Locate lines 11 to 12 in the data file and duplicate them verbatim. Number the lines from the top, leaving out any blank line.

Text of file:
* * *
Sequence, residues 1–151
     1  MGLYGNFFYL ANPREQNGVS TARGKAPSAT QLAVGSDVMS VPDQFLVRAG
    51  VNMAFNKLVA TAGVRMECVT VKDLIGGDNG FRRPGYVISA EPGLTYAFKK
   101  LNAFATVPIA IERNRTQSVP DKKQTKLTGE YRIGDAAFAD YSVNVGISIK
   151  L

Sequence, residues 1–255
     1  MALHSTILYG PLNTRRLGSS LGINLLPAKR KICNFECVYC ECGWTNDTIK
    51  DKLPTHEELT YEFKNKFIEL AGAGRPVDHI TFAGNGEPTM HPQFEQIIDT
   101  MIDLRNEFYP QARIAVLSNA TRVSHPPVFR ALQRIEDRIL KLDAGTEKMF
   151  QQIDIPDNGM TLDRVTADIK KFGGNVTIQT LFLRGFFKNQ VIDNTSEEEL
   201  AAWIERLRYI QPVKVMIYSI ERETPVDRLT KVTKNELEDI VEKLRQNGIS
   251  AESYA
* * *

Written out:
   201  AAWIERLRYI QPVKVMIYSI ERETPVDRLT KVTKNELEDI VEKLRQNGIS
   251  AESYA